Sunrise light on a grove of tufa towers emerging from the water of Mono Lake with soft green and dusty-red wild grasses in the foreground, Canada geese in the shallow water with reflections of the rocky towers, and desert hills in the distance.

Mono’s limnology monitoring requirements challenged

In December 2011, a staff member at the Los Angeles Department of Water & Power (DWP) wrote to the State Water Board and recommended that the ongoing scientific monitoring of the ecological health of Mono Lake be discontinued.

Alkali flies floating on the surface of Mono Lake. Photo courtesy of Jonathan K. Armstrong, PhD.

Here at the Mono Lake Committee we were, in a word, shocked. Not only is the program a condition of DWP’s water export licenses, it is also a part of a signed legal settlement reached between the Committee, DWP, and other parties over a decade ago. Most importantly, monitoring of the lake is the essential scientific tool for measuring the ecological health of Mono Lake and its recovery from decades of excessive water diversions.

In a strange twist, the DWP staff member who wrote the letter is the same person who is charged with assuring that the State Water Board’s requirements are met. His letter, sent on his own letterhead, instead asks that the requirements be eliminated. There’s one more twist: DWP itself did not officially comment on the request, leaving us to wonder if they will stand behind their commitment, and exactly what strategy is at play.

The Committee has responded swiftly and forcefully to the State Water Board to defend the monitoring program, but this unexpected conflict is not yet resolved and is now receiving substantial attention from Committee staff.

No basis in science
There is no sound scientific basis underlying DWP’s staff request. The essential concept put forth by DWP staff is that Mono Lake is fine, it has always been fine, and it will continue to be fine, so why spend the money to actually study the lake’s ecological health in the real world?

This attitude is like assuming that you’ll be healthy forever because your last doctor’s visit went well. It’s just not logical.

Experts on salt lake systems, including the very specialists who conduct the Mono Lake monitoring work, have reviewed the DWP staff proposal and found it to lack scientific merit. In letters to the State Water Board they detail a variety of specific issues and make the global point that “ecological systems, such as lakes, respond to multiple environmental factors in complex ways, and it is well known among ecologists that abrupt changes can occur … we depend on regular measurements to assess [Mono Lake’s] condition.”

Mono Lake brine shrimp. Photo by Santiago Escruceria.

Additionally, the lake has not been at the required long-term management level set by the State Water Board since 1963. A half-century ago little attention was being paid to Mono Lake, and there were no teams of scientists documenting the lake’s salinity, the health of the brine shrimp population, or other important indicators of ecological conditions. The lake is rising into ecologically uncharted territory, and to have it do so without taking a measure of its health just doesn’t make sense.

A deal is a deal
The lake monitoring program is part of a package of restoration and monitoring requirements set forth by the State Water Board in 1998. In part these requirements came from a legal settlement agreement between DWP, the Mono Lake Committee, and other key parties. That agreement—signed by all—specified that “[DWP will] continue its limnological monitoring plan from the present until ten years after Mono Lake reach[es] its transition level of 6392 feet.”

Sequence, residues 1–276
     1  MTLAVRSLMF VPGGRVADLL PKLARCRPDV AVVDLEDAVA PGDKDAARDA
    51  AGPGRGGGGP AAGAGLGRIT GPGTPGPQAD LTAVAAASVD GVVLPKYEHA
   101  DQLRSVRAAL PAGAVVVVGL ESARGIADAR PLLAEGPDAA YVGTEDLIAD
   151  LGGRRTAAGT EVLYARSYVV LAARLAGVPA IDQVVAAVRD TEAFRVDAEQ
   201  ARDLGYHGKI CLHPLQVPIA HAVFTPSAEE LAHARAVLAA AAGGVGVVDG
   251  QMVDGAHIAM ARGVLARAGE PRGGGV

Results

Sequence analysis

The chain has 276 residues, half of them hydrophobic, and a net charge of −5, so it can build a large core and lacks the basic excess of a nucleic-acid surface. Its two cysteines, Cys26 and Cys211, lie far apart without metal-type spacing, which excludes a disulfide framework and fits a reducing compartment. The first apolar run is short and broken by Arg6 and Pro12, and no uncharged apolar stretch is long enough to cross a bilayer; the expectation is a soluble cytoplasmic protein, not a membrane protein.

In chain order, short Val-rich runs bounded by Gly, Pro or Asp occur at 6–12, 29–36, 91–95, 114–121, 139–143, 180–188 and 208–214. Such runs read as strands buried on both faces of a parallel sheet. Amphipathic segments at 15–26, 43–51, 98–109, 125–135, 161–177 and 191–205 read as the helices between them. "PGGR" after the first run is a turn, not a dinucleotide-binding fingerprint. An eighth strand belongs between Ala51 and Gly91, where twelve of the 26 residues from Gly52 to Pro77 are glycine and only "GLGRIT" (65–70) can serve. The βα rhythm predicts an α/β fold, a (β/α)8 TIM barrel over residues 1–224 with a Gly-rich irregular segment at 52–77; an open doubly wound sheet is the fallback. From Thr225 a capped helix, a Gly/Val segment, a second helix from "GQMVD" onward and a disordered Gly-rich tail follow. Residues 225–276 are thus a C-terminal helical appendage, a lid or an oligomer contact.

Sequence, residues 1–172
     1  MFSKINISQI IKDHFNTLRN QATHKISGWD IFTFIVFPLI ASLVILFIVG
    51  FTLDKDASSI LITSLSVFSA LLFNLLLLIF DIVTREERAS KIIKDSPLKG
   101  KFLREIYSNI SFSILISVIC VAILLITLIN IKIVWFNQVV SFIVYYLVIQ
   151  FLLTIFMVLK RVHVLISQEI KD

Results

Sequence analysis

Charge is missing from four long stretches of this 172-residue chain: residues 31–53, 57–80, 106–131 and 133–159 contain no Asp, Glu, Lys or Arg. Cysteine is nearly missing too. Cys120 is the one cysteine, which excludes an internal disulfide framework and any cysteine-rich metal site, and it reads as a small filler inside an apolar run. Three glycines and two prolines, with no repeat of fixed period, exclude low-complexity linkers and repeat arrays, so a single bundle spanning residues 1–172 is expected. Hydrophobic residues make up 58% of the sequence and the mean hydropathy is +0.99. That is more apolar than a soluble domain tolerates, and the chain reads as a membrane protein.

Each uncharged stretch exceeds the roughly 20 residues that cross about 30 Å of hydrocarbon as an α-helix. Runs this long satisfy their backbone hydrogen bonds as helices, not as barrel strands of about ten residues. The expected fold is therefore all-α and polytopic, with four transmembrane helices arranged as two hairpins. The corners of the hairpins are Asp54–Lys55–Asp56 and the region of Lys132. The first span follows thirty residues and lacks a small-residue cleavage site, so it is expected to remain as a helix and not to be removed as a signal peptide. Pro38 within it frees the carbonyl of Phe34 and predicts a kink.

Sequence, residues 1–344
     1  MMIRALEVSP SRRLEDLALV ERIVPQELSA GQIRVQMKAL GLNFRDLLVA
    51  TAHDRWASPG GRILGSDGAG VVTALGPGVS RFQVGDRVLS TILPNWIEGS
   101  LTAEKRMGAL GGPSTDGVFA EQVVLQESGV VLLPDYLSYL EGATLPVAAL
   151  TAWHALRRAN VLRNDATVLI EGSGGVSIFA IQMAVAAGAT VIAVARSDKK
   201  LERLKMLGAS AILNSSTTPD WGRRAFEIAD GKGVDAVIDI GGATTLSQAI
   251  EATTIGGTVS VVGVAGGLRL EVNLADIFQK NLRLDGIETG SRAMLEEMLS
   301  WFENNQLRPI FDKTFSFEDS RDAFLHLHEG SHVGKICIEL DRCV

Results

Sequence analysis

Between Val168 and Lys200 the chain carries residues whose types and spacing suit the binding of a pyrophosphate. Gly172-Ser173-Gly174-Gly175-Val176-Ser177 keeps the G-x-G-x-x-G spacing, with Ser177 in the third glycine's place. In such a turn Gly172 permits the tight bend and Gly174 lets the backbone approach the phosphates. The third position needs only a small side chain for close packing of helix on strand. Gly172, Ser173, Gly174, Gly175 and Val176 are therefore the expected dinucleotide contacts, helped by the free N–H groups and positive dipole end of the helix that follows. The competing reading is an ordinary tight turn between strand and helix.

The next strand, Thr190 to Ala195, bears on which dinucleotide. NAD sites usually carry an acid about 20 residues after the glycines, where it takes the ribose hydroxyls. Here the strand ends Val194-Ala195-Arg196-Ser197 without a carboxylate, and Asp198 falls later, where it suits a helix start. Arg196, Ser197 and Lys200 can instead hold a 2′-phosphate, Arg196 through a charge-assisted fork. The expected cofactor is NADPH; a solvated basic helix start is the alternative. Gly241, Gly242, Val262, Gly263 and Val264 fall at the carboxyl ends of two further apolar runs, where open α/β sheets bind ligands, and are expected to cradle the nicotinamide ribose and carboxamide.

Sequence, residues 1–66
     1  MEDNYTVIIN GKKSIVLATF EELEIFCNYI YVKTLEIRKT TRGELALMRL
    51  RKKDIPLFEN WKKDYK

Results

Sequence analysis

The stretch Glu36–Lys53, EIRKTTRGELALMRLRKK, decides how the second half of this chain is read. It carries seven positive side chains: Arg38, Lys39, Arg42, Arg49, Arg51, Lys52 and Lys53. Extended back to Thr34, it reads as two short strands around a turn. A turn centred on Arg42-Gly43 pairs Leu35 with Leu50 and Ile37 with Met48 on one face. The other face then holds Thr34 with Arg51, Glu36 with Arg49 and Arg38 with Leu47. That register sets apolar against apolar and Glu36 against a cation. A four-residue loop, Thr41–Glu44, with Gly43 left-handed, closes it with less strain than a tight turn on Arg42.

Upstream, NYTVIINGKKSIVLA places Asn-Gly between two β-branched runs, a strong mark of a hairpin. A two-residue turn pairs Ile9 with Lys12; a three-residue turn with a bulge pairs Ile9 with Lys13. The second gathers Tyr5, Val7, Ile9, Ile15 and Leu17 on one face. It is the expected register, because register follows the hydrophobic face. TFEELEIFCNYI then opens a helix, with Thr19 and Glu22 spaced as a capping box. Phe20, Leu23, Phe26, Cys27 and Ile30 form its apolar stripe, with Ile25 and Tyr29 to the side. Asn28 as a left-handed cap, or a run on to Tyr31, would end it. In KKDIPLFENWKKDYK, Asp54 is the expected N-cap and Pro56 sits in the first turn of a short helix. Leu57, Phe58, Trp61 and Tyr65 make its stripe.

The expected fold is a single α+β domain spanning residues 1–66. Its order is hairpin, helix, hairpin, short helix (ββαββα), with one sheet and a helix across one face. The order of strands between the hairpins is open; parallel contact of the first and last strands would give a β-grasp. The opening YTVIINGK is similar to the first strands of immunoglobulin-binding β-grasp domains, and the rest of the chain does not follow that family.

That means two things. First, DWP committed to conducting the program. And second, the program represents a compromise, resulting from negotiations in which other valuable monitoring programs were set aside. Abandonment of the agreed-upon outcome reopens a much larger conversation about lake chemistry, brine shrimp monitoring, migratory bird surveys, alkali fly populations, and other studies that measure achievement of the ecological health goals set by the State Water Board.

Next steps
The Committee’s position is quite simple: since there is no scientific or legal basis for a change, DWP should continue to conduct the monitoring program without interruption.

This issue comes at a time when we are productively engaged in historic negotiations to find win-win ways to achieve restoration and aqueduct management mandates. Given the progress underway there, we are hopeful this issue can be resolved quickly.

You can read documents related to this issue here, and stay tuned to hear what happens next.


  1. Have you challenged the standing of the individual who submitted the request to end the monitoring? It seems to me that this person is acting as an individual (using personal letterhead) and therefore the water board can not even consider the request. Certainly the courts will not.

  2. I am going to guess this is a way to scare people into voting for tax increases in the Nov. election.

  3. Geoff, Executive Director
    Geoff, Executive Director

    Good point Dan, it is an unusual individual action. Our letter to the State Water Board hits your point, plus the fact that because the program is part of the Board’s Mono Lake order it really isn’t subject to change in this manner at all. The submitter does have a role at Mono Lake—he is charged with assuring the Board-ordered monitoring program is carried out—but he was never tasked with anything close to considering program elimination.

    Ron, I’m not sure about the connection to the next election. The Mono Lake monitoring program doesn’t cost much and is part of DWP’s water licenses that enable it to export Mono Basin water to Los Angeles, a value to the City of well over $10 million annually. It basically a “cost of doing business” in that sense.